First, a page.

Today's Paper Obits Newsletters Home Style Crime Fair Builds on Tradition EDITORIAL: Get this party started Razorback Sports Today's Photos Puzzles
story.lead_photo.caption When he was 17, Christopher Epperson tried to take his own life. “I remember lying in my hospital bed and tears dripping down my mother’s face and falling on my face.” Now he is fighting for the lives of others. - Photo by John Sykes Jr.

It starts to rain before Christopher Epperson is even halfway through his walk, streetlights highlighting the drops that cling to his glasses and his brown hair.

"Want to brave it? I'm not made of sugar anymore, I won't melt," he says with a grin before marching forward into the drizzle.

The sun hasn't risen yet, and this is Epperson's time to himself -- time to clear his head before a day of meetings and planning.

Epperson, 46, is a member of the national board of directors for the American Foundation for Suicide Prevention and co-chairman for the group's Arkansas chapter. He started volunteering with the foundation in 2011 and became a national board member at the end of 2016.

He stumbled into volunteering with the foundation after a request for help with the Out of the Darkness Walk, which brings awareness to statewide suicide prevention efforts, from his Hillcrest neighbor Jet Cuffman. Epperson says he thinks she just needed anyone to volunteer, but Cuffman, 61, insists she chose Epperson specifically.

"I knew that he would be good for people that come up that were lost or sad," Cuffman said. "I knew that he would be able to help."

Epperson worked the registration table, and remembers one woman in particular he helped.

She looked lost, he said, so he asked if she needed help getting registered. He asked why she was doing the walk, and she confessed that her daughter had died by suicide the week before.

"I immediately reached across the table and gave her a big hug and I said, 'You know you're not alone. We are going to make a difference,'" Epperson said.

He was hooked.

He grew up learning the importance of helping others, he said. His mother was president of the East Texas Food Bank and he started volunteering with the Susan G. Komen foundation when he moved away from home to Little Rock.

At a fundraiser to cover a friend's medical bills, he met Tyler West, who would become his partner for the next eight and a half years. Epperson was cutting hair for donations and he and West's eyes locked in a mirror. They went to dinner that night after the fundraiser and moved in together after a year of dating.

The couple attended their first conference for suicide prevention in 2012, three years into their relationship.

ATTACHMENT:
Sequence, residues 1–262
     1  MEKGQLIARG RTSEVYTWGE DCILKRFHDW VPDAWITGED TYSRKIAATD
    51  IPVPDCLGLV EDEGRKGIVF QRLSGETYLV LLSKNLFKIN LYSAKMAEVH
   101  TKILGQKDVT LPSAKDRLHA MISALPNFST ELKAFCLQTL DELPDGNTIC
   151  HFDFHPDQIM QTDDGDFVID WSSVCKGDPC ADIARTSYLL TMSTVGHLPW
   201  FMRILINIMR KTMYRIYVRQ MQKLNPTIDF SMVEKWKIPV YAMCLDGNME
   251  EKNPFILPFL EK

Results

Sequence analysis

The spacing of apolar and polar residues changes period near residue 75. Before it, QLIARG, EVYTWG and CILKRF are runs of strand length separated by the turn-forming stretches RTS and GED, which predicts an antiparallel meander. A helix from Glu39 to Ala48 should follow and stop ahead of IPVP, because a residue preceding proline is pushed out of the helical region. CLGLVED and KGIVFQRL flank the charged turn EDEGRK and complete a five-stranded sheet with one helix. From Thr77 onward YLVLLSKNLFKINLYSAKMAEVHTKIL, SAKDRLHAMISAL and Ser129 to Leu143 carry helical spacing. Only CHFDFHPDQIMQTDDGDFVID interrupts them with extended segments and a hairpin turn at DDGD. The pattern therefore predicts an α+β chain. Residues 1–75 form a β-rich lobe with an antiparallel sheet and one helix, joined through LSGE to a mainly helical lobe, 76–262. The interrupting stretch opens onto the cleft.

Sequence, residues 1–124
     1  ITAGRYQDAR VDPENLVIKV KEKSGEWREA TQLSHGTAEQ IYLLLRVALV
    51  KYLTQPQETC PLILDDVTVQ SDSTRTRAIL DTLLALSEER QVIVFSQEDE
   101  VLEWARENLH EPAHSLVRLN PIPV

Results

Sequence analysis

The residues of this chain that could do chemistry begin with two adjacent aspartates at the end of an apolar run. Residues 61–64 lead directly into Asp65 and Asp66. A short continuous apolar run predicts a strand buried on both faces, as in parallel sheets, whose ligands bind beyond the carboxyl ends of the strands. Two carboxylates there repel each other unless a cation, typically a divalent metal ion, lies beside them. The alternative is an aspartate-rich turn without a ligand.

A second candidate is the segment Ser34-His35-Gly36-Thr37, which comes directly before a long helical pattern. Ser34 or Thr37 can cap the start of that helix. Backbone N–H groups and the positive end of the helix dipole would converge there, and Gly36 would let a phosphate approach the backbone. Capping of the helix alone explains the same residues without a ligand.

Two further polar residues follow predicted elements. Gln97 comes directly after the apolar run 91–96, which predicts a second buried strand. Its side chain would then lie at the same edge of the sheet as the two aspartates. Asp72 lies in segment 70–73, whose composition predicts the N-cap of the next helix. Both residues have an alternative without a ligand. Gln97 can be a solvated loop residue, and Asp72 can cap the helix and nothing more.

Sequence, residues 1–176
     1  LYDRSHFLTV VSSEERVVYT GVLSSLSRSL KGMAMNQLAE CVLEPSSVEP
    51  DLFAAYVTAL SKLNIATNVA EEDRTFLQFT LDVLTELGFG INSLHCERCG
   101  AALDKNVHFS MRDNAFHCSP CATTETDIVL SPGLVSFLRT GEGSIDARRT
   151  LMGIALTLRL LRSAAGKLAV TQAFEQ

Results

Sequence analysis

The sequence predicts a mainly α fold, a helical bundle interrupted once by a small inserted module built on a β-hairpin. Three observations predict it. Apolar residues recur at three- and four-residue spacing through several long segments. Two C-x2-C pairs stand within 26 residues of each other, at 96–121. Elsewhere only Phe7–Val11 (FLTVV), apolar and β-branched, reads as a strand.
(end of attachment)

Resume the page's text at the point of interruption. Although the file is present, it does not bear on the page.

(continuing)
Attendees were asked to stand one by one and tell why they were at the conference. Most talked about loved ones who had killed themselves.

West expected something similar from Epperson; they had talked about their experiences with suicide previously. Epperson knew after their first date that West's grandmother "Nanny" had killed herself in 2005; West knew that one of Epperson's close friends had died by suicide, that the experience had a profound effect on his life.

When Epperson stood in front of the crowd of near-strangers, what came out of his mouth was not the all-too-familiar tale of the complex grief that accompanies the loss of someone to suicide, but a more personal experience.

Epperson told the crowd about how he had tried to kill himself when he was 17, just beginning his senior year of high school.

"I remember lying in my hospital bed and tears dripping down my mother's face and falling on my face," Epperson said.

When he sat down, West patted his partner's back. Other people began sharing their stories of living through suicide attempts.

"Later on we talked and he said, 'I just realized that if I can't tell my story and tell it boldly, then how can I expect anybody else to?'" West said.

In 2015, nearly 600 people killed themselves in Arkansas alone. The national suicide rate is just over 13 per 100,000 people, more than twice the rate of those murdered each year, according to the Centers for Disease Control and Prevention.

Suicide is one of the top 10 leading causes of death in the United States. The National Suicide Prevention Lifeline for those who are in crisis is (800) 273-TALK (8255).

The American Foundation for Suicide Prevention has set what West calls a "bold goal" of reducing the suicide rate by 20 percent by 2025.

"Whenever they announced that goal and he [Christopher] came home and told me about it, I was like 'Whoa,'" West said. "Now we have a quantifiable goal and we've really got to get to work."

Getting to work is something Epperson is familiar with. He is a hairdresser in two locations -- Dallas and Little Rock. He goes back to Dallas for one week every month to cut hair for his longtime clients there.

"If you dilly-dally around, you're not going to be making any money," he said.

Despite this practical attitude, he said his favorite part of the job is less sensible -- talking to the people who come in. Some customers who he has seen for more than 20 years, he said, he considers family.

Epperson's mother, Ann Howell, said he once came back to Dallas for several days to take care of a client who was sick.

"Christopher went to stay with her and cooked for and did all kinds of things for her to make sure she was in a safe place," Howell, 69, said. "There's not too many people that would do that."

Friends and family often reference Epperson's willingness to help out. One told how he helped wash her hair after she had surgery. Another recalled him filling in for her at a volunteer event in the wake of a family emergency. A third said he always remembers to call and check in at just the right moments.

He takes care of his aging grandmother in Searcy, one of the things West said drew him to Epperson in the beginning of their relationship.

"Whenever he would talk about his grandmother and taking care of her, that was another glimpse into the character, the real essence of who he is," West said. "Because when he would talk about her, his eyes would just light up."

Epperson, with his almost constant smile, says suicide is complex and there were many "pieces of the pie" that contributed to his attempt.

It started with a diagnosis of dyslexia when he was a child. He couldn't shake the tendency to read from right to left, rendering words an impossible jumble. Teachers who didn't know how to handle him stuck him in special education classes.